Apparently there is also something called indexing which we read about in the truly visionary "Learn how to be a DB Guru in 24 min's" and are interested in learning more about, its supposed to make selects faster or something, any chance we can have an article on that?
  5. Speak for yourself Han[ Go to top ]

    ... my team had no idea that performing full table scans on multi-million row tables using keyset cursors might be impacting performance negatively, I mean who would have thunk it?
    I read that as pure irony and I'm laughing my ass off ;-)
  6. Speak for yourself Han[ Go to top ]

    ... my team had no idea that performing full table scans on multi-million row tables using keyset cursors might be impacting performance negatively, I mean who would have thunk it?
    Then you should consider taking some basic programing courses.
  7. Speak for yourself Han[ Go to top ]

    It was sarcasm. Apparently the start sarcasm and end sarcasm tags were omitted.
  8. Laugh all you want, some are completely clueless when it comes to databases. My team actually had to rewrite a system because those simple tips had not been followed by the original developers. Some entities had names that were localized (English and French), and the only solution they found was to store those names in a serialized HashMap within a BLOB (key=Locale, value=String). A maintenance nightmare for DBAs.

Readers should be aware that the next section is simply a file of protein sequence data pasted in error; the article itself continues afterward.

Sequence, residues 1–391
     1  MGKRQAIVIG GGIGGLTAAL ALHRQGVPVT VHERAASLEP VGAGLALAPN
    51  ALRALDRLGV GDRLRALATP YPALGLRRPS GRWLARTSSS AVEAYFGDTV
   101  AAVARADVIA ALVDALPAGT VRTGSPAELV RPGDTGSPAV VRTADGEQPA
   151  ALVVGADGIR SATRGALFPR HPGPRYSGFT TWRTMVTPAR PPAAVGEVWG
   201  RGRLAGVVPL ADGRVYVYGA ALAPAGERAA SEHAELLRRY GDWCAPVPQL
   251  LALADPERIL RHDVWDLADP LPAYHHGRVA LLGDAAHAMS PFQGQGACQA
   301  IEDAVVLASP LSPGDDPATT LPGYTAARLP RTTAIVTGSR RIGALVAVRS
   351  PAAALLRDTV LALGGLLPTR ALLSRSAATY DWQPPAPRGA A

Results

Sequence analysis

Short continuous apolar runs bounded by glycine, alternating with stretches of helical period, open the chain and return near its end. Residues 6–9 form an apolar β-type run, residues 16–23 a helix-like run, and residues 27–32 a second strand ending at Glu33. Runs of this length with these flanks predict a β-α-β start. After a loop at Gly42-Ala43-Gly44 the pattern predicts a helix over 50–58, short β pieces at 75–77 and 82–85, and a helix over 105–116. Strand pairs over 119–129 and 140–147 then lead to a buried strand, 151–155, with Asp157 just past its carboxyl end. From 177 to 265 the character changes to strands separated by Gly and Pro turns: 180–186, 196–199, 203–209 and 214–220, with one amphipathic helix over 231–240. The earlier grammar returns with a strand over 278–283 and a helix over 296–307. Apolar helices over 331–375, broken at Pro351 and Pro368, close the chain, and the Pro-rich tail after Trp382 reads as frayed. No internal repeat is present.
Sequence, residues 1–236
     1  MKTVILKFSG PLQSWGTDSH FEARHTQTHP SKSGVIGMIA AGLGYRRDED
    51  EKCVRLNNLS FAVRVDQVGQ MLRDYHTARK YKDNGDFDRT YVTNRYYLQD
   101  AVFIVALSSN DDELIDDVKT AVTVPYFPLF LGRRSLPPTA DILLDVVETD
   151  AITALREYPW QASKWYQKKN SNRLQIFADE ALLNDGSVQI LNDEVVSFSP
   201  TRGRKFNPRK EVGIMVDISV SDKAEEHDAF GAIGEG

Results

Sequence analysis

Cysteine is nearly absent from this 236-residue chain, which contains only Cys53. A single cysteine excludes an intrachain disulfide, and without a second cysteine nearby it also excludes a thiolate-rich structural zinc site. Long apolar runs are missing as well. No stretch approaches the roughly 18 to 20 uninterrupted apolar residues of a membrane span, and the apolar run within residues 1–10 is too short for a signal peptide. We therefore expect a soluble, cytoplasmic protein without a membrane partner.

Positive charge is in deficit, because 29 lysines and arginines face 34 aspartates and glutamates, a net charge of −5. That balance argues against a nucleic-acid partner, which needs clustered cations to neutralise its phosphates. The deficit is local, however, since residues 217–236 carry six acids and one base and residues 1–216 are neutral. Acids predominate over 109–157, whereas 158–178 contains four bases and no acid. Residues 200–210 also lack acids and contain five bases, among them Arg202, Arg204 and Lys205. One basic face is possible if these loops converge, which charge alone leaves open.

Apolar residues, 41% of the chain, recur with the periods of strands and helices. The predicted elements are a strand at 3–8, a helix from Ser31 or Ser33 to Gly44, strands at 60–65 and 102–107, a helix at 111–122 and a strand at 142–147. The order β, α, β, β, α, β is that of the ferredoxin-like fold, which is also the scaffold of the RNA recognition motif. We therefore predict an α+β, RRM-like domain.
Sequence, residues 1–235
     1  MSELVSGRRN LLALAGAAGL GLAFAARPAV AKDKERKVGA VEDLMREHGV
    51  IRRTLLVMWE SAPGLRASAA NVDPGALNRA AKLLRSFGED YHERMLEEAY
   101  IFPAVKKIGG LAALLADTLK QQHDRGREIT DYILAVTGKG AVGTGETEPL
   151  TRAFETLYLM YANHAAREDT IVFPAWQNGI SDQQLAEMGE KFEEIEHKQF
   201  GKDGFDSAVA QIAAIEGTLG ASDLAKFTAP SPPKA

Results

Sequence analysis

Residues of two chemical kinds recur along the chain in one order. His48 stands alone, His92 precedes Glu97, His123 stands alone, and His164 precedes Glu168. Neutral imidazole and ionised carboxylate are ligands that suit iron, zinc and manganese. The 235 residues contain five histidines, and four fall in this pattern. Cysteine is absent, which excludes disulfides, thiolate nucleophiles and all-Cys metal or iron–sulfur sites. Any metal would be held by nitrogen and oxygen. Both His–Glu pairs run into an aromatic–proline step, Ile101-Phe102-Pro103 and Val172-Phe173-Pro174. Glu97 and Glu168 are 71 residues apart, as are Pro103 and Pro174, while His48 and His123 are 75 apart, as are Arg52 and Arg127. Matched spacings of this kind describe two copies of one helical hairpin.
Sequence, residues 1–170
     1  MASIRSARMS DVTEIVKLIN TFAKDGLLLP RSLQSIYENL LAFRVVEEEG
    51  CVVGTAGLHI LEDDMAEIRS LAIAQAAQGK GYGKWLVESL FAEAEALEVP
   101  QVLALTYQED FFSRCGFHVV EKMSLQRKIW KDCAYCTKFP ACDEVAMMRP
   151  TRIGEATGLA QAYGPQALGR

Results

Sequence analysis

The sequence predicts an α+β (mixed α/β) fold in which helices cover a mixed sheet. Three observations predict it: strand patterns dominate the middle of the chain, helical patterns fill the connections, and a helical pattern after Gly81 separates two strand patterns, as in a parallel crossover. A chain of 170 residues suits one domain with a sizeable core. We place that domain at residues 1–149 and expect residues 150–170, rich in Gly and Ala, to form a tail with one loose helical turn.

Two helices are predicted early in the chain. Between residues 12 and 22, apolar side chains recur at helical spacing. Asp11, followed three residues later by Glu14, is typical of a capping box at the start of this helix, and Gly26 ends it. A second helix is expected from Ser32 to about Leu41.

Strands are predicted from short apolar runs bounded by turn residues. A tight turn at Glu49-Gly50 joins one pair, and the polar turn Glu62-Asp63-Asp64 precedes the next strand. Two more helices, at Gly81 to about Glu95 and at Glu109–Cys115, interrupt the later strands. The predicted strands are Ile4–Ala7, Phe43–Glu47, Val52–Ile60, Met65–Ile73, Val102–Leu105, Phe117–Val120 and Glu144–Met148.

9. Any enterprise developer worth his or her salt should be experienced in data modeling, relational DBs, and SQL.
  10. Laugh all you want, some are completely clueless when it comes to databases. My team actually had to rewrite a system because those simple tips had not been followed by the original developers.